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Politics

Santorum's Exit Can Help Him -- in 2016 or Beyond

He nearly overstayed his welcome, but a quick and forceful endorsement of Romney will extend his political future.

Rick Santorum's decision to suspend his presidential campaign because of concerns about his young daughter's health won't win him a spot on the Republican ticket as Mitt Romney's running mate.

But it will leave him with a better chance of winning the GOP nomination in 2016 if Romney loses to President Obama this fall.

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Santorum had no chance of wresting the nomination from Romney. The polls were even starting to turn against him in Pennsylvania, the state Santorum represented for two terms in the Senate. Yet he soldiered on, saying at one point that he would stay in until Romney went over the top in delegates.

Each day he stayed in the race was one less day Romney and the rest of the Republican Party had to fully focus on Obama. It was also one more day for Santorum to hurt his own chances down the road. Sticking to that course would have been political suicide.

Some will argue that Santorum should have quit earlier, and they are probably right. But getting out now still leaves plenty of time for the Republican Party to come together to take on Obama.

The key is what happens next. Santorum didn't say he would endorse Romney or release the delegates he won during the bitter primaries. He'll come under tremendous pressure to do both of those things, however, and he'll do them in very short order. The sooner Santorum starts saying nice things about Romney, the sooner undecided voters will forget the not-so-nice things Santorum said about the front-runner earlier.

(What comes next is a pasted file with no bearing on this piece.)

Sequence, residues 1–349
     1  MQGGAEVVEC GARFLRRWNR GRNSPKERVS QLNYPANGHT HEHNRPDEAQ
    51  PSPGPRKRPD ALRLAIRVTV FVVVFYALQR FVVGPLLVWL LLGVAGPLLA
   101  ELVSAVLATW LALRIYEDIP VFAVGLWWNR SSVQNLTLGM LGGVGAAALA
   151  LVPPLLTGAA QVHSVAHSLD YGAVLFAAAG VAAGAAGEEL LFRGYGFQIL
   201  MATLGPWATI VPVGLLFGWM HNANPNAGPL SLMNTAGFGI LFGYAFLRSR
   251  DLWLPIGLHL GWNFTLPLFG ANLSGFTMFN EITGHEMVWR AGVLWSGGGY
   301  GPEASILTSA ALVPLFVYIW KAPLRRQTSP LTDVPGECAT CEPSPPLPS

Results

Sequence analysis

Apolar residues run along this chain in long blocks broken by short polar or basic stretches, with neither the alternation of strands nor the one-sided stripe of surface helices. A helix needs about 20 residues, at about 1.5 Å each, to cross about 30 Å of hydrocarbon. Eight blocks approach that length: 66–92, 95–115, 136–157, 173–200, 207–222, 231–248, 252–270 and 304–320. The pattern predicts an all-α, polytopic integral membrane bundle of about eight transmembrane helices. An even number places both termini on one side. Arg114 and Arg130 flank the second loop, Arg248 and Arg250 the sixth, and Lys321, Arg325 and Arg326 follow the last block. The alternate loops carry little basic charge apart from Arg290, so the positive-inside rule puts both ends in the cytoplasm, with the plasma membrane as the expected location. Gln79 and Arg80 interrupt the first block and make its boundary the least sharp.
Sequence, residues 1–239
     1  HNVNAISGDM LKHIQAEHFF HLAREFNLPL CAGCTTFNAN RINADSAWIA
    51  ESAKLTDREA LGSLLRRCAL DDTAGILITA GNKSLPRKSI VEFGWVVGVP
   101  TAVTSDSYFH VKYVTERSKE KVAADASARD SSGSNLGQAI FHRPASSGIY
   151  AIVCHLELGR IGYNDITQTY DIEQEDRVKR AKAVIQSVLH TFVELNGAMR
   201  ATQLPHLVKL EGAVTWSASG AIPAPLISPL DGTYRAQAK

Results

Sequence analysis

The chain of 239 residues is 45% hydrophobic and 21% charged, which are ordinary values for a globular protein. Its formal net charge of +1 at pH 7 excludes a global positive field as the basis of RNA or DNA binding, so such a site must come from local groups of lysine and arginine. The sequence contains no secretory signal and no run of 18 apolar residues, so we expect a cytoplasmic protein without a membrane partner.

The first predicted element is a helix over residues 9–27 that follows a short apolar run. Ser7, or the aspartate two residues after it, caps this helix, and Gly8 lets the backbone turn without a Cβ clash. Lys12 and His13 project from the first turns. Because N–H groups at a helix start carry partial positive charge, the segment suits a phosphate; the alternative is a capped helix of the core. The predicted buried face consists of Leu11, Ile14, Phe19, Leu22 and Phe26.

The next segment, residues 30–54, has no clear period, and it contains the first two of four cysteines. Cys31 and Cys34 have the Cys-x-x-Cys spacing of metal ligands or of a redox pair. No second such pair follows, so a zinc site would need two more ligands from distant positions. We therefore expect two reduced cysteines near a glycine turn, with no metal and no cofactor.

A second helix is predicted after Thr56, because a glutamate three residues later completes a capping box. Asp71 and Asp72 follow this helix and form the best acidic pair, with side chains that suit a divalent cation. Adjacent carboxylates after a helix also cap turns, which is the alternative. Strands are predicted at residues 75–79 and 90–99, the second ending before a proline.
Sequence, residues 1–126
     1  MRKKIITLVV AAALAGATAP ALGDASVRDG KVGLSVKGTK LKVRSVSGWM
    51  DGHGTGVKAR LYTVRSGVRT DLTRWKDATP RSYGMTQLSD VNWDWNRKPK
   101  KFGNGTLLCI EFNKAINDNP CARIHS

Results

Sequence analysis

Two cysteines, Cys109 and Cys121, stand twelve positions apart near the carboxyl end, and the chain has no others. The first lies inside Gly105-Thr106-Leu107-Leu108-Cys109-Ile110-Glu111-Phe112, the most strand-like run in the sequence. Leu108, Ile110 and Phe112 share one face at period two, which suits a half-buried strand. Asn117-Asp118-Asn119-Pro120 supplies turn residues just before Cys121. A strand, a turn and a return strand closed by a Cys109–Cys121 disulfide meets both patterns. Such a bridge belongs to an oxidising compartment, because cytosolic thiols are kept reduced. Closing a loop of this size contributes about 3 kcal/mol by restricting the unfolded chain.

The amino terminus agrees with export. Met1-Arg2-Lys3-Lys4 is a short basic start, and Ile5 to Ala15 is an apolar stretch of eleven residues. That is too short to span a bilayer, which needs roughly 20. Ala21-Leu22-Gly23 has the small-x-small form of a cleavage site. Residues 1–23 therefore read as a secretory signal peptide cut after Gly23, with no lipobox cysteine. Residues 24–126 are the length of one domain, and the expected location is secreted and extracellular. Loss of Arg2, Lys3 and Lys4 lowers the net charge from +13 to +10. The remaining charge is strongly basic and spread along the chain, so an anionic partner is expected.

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The endorsement has to be more than lip service. Santorum needs to say -- loudly and frequently -- that Romney deserves the support of the party's conservatives who voted for Santorum and Newt Gingrich in the primaries and favored many other “not Romney” candidates in the months before the voting started.

That won't be easy, but Santorum has to do it, and he knows it.

The Republican Party has a long history of giving losing candidates a second chance, provided they prove themselves loyal to the candidates who defeated them the first time. Romney is just one example. After losing the nomination to John McCain four years ago, Romney started the 2012 race as the front-runner and will be the party's nominee. And McCain, after his spirited challenge of George W. Bush in 2000, backed him in two campaigns, then emerged as the party's nominee in 2008. Even the GOP's saint of all causes, Ronald Reagan, came up short once -- in 1976 against Gerald Ford -- before winning the nomination and the first of two terms in the White House in 1980.

Santorum is just 53, plenty young enough to run again in four years, or even eight. If Romney loses in the fall, he'll be done as a candidate and the 2016 Republican race will be wide open. Santorum could stake a claim, and many in the party would be inclined to, at the least, give him a solid look.

That Rick Santorum emerged from nowhere (just a few months ago he was in the low single digits in polls) to be the runner-up in the Republican race will go down as one of the biggest surprises of the 2012 campaign.

Today's exit leaves room for more surprises down the road.

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